By Will Bugler
Last year the Intergovernmental Panel on Climate Change (IPCC) issued a report that outlined the potential impacts of climate change should temperatures rise to 1.5˚C above pre-industrial levels. The report surprised some by highlighting many serious risks even if the world meets this highly ambitious target. Last month, the World Economic Forum’s 2019 Global Risk Report listed the two most severe risks to global economic stability as extreme weather events, and the failure of climate change mitigation and adaptation.
If these warnings were too abstract for governments, corporations and investors to take note, then it did not take long for a real-world case-study to emerge. Just days after the Global Risk Report was released, Pacific Gas and Electric (P.G. & E.) announced that it was filing for bankruptcy protection. The California-based utility company faced huge liabilities resulting from two successive seasons of devastating wildfires that burned large swathes of the state in 2017 and 2018.
The utility company said that it is facing as much as US$ 30 billion in liabilities as its equipment is said to have been the cause of over one thousand separate wildfires across the state. The fires, of course, were exacerbated by the extreme heat and tinder-dry conditions made more likely due to climate change.
However, the company’s protestations about its role in the fires is unlikely to get them off the hook for the damage. During a hearing in January, federal judge William Alsup, pointed to the scale of the damage saying “in two years, three per cent of California burned up” and adding “P.G. & E. is not the only source of these fires, but it is a source, and to most of us it’s unthinkable that a public utility is causing that type of damage.”
Alsup also pointed out that P.G. & E. had failed to take sufficient action to prevent its equipment causing fires, despite paying US$4.5 billion in dividends to shareholders in the last five years. The clear implication of this is that the risks posed by climate change are reasonably foreseeable, and therefore companies have a duty to act.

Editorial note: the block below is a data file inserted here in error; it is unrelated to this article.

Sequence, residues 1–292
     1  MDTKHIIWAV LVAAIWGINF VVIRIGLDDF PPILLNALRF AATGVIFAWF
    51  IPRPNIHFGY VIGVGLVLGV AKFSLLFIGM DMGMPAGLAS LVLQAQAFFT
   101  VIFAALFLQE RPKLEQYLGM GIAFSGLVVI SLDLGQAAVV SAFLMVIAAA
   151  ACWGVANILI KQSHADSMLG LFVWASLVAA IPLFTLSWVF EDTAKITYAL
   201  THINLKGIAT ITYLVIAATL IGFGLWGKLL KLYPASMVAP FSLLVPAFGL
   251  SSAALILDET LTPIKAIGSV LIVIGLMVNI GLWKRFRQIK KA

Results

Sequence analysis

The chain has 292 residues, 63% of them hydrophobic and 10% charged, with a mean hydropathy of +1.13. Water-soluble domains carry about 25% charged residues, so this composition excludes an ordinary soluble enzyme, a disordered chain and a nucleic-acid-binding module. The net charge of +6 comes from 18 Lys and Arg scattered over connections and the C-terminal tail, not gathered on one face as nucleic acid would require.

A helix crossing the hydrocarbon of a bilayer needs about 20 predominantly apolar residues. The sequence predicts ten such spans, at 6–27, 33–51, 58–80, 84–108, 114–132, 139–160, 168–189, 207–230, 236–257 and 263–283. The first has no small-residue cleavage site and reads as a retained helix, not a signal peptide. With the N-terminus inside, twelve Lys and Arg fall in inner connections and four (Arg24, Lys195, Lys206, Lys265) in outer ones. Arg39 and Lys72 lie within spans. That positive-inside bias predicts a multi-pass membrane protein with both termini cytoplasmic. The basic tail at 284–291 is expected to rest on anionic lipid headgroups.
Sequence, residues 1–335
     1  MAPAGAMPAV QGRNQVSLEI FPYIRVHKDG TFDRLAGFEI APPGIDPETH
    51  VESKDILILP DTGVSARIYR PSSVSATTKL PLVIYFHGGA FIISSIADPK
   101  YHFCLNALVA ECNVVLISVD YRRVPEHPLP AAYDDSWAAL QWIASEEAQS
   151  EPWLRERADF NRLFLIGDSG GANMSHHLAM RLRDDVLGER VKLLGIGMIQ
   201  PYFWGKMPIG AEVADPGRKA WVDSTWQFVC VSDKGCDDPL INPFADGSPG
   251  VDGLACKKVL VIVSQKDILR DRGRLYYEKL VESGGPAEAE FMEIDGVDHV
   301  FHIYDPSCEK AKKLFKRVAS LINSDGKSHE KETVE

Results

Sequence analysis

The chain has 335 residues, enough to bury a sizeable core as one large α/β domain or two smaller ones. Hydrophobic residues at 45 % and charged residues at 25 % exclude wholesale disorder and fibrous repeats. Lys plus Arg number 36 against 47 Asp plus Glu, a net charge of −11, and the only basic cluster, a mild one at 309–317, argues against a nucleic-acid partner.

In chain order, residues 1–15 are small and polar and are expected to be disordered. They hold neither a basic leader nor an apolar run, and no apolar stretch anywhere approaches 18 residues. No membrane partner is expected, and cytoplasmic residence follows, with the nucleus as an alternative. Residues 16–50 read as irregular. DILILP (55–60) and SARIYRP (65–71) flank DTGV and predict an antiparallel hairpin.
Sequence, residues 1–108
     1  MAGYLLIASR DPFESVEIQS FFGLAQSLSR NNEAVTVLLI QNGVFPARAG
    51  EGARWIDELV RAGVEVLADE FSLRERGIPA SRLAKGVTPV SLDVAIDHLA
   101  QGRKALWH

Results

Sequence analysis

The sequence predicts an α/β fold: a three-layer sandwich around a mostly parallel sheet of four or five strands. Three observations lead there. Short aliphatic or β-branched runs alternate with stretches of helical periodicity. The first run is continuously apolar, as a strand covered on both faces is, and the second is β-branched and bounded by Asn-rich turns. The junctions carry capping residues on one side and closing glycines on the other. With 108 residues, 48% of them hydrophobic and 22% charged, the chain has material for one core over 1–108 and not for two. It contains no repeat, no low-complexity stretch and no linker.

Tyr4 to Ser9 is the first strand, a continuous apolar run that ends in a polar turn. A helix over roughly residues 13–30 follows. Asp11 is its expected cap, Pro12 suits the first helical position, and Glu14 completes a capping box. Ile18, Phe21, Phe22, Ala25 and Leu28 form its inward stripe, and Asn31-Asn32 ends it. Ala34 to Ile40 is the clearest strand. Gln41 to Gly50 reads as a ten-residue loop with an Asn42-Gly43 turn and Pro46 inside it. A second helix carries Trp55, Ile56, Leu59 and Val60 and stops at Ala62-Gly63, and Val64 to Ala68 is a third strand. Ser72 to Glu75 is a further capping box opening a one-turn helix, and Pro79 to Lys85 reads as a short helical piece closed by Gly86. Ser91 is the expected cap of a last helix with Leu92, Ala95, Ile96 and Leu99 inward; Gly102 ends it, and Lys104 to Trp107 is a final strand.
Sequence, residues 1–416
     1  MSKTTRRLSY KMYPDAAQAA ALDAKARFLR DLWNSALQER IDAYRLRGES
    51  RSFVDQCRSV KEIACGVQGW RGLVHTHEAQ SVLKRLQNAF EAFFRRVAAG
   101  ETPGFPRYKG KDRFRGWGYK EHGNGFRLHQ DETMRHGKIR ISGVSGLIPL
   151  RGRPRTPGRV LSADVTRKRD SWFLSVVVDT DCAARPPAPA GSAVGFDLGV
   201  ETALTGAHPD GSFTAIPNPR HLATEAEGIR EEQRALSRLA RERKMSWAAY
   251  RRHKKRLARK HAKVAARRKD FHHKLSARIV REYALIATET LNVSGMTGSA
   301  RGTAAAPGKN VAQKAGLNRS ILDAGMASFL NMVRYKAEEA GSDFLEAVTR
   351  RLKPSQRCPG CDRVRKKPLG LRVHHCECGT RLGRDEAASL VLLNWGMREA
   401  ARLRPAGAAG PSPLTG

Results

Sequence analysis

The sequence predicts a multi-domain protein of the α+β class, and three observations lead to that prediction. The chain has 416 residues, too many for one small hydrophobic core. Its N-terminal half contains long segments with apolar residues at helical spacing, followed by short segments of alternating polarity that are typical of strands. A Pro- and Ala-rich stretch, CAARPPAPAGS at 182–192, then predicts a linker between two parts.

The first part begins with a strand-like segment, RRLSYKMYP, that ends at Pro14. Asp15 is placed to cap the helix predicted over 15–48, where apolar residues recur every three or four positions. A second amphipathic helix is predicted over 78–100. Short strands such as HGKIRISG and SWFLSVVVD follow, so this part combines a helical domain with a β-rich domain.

The implications of this are wide ranging. Public utilities are put in a very difficult position, as they have a high level of exposure to climate risks and have legal duties to supply homes in remote areas, where risks are highest. The ratings agency Standard & Poor’s said that a second electric utility in California could well face a devastating wildfire this year and therefore it could lower the credit ratings of the other two major investor-owned utilities in the state, Southern California Edison and San Diego Gas & Electric.
For investors, investments in regulated utility companies suddenly don’t look as rock solid as they once did. Traditionally thought of as ‘perpetual investments’ that need little scrutiny climate change is now challenging the thinking. As climate impacts intensify, they pose an existential threat to such companies, who will not be able to cope with the mounting legal liabilities unaided.
The scale of the threat is likely to require governments to step in. In California, state officials are considering creating an insurance fund that will help cover the cost of such events, lifting some of the burden from corporations. However, governments will certainly want to avoid creating perverse incentives that lead to inaction on the part of private companies. Therefore, if public money is going to be used in this way, it is highly likely the governments will also demand that companies do far more to increase the climate resilience of their operations.